Bangalore IT event loses online identity

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Bangalore IT event loses online identity

It figures among the most prestigious annual IT events in India. However, BangaloreIT - which was instrumental in launching the Silicon Valley of India on the global map over the last decade - has lost its .in and .com online identities to cyber squatters. Moreover, the government's IT department has not made any serious effort to regain the .in URL.

This is one reason why the 11th edition of the premier IT event has now been renamed as, though the state government insists the change in the name of the event was done keeping in mind the changing needs of the industry.

The fact remains, though, that cyber squatters were responsible for the so-called IT savvy state changing the name of the event twice. went through various avatars - starting as Bangalore in 1998 (the .com identity was taken by cyber squatters in 2006), to in the middle and then to Bangalore this year.

" should have been regained by evicting the cyber-squatter easily, as .in is given by the department of IT of the government of India. But no serious effort seems to have been made towards regaining it from the cyber squatter," said a high-ranking industry source involved with the event for the last 10 years.

On being asked why the state IT department failed to protect the two names which had earned enough brand equity due to the vigorous efforts of the organisers in the early days, Ashok Kumar C Manoli, principal secretary to department of IT, government of Karnataka, did not respond to the specific question.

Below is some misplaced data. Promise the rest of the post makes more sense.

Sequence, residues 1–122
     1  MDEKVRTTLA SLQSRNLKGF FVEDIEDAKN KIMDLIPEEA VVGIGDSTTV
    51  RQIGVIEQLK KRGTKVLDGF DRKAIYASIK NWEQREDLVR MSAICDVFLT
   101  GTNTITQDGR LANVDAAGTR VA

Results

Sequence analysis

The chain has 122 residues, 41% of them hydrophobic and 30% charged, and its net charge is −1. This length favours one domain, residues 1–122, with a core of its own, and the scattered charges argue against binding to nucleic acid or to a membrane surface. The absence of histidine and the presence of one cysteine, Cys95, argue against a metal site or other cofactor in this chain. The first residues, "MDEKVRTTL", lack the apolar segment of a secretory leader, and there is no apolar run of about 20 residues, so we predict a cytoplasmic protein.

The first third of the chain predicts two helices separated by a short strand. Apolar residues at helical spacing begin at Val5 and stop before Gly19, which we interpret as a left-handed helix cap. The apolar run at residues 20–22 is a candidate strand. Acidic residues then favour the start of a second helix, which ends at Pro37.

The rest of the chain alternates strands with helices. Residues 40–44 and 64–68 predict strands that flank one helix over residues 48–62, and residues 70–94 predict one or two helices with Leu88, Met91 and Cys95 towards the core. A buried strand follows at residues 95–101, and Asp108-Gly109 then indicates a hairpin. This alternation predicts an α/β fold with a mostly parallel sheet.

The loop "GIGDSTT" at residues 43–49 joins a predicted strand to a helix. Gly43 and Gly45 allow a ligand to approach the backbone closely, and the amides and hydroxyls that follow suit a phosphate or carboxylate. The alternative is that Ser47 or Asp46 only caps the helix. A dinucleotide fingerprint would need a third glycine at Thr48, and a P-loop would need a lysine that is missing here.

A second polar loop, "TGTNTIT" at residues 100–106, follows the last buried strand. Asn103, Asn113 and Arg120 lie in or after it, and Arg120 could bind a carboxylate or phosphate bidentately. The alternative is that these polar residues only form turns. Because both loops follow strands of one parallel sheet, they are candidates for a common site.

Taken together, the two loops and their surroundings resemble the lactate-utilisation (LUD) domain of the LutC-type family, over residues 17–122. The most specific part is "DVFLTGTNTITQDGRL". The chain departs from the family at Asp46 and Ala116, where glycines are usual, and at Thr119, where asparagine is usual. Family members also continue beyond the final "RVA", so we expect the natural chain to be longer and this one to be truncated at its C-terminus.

All he said was: "Change is the law of nature, and there is nothing wrong in creating another brand which has been done with a scientific bent of mind, at a time when the industry buckled under the pressure of a global financial slowdown is busy keeping their business going."

Bangalore started in the year 1998 when JH Patel was the chief minister of Karnataka. The first event that was organised in ITPL on the outskirts of the city saw eminent personalities including late Dewang Mehta, the then Nasscom president, NR Narayana Murthy, founder-chairman of Infosys [Get Quote] and the then IT secretary Sanjoy Dasgupta. The first four to five IT events also saw people from the industry on the dais as compared to politicians in 2008.

However, this year, even the offline event appears to have lost its shine. Narayana Murthy, who is in the state's IT task force, did not participate in Bangalore this year. The inaugural function saw political rhetoric from the likes of Gujarat Chief Minister Narendra Modi, BJP MP from Karnataka Ananthkumar, state IT Minister Katta Subramanya Naidu and even Chief Minister BS Yeddyurappa himself. No representatives from the small- and medium-IT firms, which the state government is now promoting to attract them to the tier-II, tier-III towns, were invited to the dais.

Around 94 companies participated in this year's IT event from November 6-8. However, many of them were from real estate firms and from other industries like power, battery with no direct role to play in the event.

Said a participant who had taken little over 15 sq m of exhibition space in this year: "We paid about Rs 2 lakh to get a space here. But an event of this stature no longer makes any sense for us to come every year and spend so much money. In fact, things were different when SM Krishna was the chief minister of Karnataka. We were getting much more visibility during those days."

Besides, unlike the previous years when for every subject there used to be a dedicated pavilion, the exhibition space this year has shrunk considerably in size with just one long hall where all the exhibitors were made to put up their stalls.

"We had invited Narayana Murthy to the inaugural function. But he could not make it since he was outside the country. Besides, we had offered a different platform for the SMEs and start-ups called Young Entrepreneurs' Start ups in Soaring Spirit' in the event," said Manoli.

did this happen bcoz they didnt renew the domain?? or can the cyber squatter gain access to the domain controls even whn the domain is active?


both names can be easily obtained back using Domain Name Dispute Resolution policies of the respective registries..

this is just a fine case of mindless bureaucracy.

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